Due to the continued production of lens fibers throughout life, the more central portions of the lens become compressed. With age this results in hardening (sclerosis) of the lens nucleus. The refractive index of the denser portion of the lens is increased. The junction of greatest optical discontinuity occurs between the nucleus and the cortex and becomes apparent at ~5 years of age. This imparts a grayish appearance to the lens of an old dog (nuclear sclerosis) and is commonly confused with lens opacity (cataract). Differentiation of nuclear sclerosis from cataract can be made by viewing the eye from a distance with a direct ophthalmoscope (distant direct ophthalmoscopy): true lens opacities appear as a black shadow against the tapetal reflection, nuclear sclerosis does not obscure the reflection.

Cataracts

A cataract is an opacity of the lens or its capsule.

Classification of Cataracts

Cataracts are classified based on:

 Age of onset

 Congenital

 Juvenile

 Senile (>6yrs of age)

 Stage of maturation

 Incipient (<15% of lens involved)

 Immature (still see some tapetal reflection through lens)

 Mature (obscures tapetal reflection)

 Intumescent (imbibed water and is swollen)

 Hypermature (liquefaction of lens cortex occurs)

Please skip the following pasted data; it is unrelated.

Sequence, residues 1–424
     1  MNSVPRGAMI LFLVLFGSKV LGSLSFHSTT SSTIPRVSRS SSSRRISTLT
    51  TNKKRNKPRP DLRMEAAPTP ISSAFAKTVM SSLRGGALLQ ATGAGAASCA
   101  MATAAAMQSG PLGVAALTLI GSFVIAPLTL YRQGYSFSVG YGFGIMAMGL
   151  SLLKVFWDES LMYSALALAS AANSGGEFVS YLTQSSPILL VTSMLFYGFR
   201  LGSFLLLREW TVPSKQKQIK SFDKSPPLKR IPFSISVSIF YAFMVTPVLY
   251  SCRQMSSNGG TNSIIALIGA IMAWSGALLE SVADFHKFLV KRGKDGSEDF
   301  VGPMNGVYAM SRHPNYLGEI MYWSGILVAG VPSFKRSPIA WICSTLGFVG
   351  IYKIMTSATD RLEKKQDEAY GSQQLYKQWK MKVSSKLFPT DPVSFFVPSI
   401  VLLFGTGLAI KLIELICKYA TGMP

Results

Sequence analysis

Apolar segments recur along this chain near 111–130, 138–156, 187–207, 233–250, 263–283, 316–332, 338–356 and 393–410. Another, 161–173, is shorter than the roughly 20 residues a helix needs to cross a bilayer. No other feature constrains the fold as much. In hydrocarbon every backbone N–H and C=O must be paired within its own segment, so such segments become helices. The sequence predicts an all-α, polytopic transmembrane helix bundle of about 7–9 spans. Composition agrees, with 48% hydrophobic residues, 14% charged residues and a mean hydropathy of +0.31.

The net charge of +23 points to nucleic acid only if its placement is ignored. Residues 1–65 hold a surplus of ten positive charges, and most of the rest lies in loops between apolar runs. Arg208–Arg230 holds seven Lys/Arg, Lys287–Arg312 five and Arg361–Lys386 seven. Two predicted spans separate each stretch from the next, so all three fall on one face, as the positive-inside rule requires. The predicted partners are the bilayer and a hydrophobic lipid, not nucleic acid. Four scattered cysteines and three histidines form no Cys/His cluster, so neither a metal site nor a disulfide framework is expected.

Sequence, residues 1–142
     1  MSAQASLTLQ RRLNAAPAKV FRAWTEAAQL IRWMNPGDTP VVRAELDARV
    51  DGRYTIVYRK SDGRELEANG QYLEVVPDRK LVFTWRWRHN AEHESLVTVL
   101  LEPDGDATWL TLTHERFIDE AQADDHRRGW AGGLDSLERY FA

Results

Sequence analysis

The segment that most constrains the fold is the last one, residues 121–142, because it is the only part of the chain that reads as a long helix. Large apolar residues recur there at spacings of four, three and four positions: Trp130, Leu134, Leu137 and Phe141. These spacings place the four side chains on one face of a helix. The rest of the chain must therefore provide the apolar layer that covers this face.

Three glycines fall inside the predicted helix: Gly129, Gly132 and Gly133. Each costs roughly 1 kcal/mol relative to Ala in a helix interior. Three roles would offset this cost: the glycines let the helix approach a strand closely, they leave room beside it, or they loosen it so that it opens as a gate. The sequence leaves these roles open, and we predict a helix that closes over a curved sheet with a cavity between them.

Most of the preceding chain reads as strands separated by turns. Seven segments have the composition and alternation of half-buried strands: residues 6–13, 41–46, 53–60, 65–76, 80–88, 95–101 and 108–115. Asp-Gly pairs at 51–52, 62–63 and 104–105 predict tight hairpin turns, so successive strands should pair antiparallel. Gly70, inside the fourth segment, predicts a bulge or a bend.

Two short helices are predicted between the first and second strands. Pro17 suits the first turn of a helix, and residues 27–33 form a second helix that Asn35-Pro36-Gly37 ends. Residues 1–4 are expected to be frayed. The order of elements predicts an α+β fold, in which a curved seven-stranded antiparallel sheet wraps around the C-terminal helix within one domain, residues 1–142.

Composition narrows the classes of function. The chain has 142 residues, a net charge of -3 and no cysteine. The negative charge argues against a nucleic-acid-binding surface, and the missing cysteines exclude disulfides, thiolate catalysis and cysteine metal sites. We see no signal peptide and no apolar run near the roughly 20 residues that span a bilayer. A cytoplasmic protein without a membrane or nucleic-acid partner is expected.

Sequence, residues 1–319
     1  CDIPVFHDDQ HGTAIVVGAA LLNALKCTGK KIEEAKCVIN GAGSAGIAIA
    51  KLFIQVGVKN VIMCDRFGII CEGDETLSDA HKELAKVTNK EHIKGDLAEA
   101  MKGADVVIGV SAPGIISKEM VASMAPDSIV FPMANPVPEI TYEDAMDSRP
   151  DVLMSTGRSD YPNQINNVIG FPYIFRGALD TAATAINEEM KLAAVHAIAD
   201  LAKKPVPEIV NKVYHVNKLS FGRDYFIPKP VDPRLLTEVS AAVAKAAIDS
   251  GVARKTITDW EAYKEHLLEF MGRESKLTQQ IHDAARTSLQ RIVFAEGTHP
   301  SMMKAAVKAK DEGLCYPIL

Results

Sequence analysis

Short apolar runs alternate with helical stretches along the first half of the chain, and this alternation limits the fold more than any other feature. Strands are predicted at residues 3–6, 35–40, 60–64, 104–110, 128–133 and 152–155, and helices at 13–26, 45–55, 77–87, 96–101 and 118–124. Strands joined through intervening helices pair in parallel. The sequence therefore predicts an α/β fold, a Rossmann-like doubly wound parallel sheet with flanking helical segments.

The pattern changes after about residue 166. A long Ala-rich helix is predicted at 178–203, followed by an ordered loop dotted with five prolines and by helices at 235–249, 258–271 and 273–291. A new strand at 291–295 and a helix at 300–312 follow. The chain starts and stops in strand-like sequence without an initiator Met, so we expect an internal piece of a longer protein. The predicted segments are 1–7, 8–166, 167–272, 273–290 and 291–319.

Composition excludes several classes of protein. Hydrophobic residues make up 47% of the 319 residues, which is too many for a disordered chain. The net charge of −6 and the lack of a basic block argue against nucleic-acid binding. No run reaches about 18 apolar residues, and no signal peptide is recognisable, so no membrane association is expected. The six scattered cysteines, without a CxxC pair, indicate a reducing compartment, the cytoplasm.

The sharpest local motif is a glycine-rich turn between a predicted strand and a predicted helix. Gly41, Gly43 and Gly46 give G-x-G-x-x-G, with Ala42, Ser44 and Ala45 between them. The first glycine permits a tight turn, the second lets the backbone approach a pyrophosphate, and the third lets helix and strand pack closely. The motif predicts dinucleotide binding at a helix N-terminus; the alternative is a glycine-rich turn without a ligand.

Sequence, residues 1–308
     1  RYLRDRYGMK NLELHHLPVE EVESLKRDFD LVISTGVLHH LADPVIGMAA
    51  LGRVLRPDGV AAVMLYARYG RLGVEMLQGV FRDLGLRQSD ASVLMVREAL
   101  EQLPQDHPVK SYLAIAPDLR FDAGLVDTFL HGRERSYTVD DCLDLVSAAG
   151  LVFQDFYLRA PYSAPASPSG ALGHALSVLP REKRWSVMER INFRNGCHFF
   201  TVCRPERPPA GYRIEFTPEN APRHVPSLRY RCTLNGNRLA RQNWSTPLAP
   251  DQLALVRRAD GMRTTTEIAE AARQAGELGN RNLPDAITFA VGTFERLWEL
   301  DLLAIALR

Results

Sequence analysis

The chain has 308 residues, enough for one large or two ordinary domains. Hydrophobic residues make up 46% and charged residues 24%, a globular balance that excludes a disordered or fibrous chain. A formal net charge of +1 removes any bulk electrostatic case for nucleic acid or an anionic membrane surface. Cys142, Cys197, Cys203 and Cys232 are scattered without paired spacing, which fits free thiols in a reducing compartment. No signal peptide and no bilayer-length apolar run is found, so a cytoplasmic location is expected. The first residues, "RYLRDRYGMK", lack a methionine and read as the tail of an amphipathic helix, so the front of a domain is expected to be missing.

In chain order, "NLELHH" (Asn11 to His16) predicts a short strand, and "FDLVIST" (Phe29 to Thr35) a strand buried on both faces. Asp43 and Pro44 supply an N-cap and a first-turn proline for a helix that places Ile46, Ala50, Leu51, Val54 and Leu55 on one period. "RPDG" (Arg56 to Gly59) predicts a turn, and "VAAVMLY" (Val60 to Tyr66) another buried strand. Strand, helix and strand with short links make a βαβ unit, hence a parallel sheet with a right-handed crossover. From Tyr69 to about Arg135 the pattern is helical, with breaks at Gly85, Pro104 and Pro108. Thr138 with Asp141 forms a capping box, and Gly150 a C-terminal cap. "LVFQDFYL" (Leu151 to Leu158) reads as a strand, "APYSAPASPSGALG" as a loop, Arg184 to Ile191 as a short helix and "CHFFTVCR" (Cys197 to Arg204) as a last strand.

Morgagnian (complete liquefaction of lens cortex, leaking of lens material leaving nucleus ventrally within a shrunken capsule)

 Location Within the Lens

 Capsular--opacity confined to the lens capsule.

 Subcapsular--most of opacity involves cortex directly beneath lens capsule.

 Cortical--opacity of the lens cortex (may be anterior or posterior cortical).

 Nuclear--opacity primarily in center of the lens (nucleus). Frequently congenital and nonprogressive.

 Equatorial--opacity is primarily in the area of the lens equator (near zonular fiber attachment).

 Polar/axial--within the pupillary axis.

 Clock-hour--the location of a lens opacity may be described by referring to its position relative to the face of a clock.

 Anterior/Posterior--used to describe opacities of the capsular, subcapsular, polar/axial, and cortical areas of the lens.

 Etiology

 Hereditary--A common causes of cataracts in dogs. Characteristic appearance/progression of breed-specific cataract.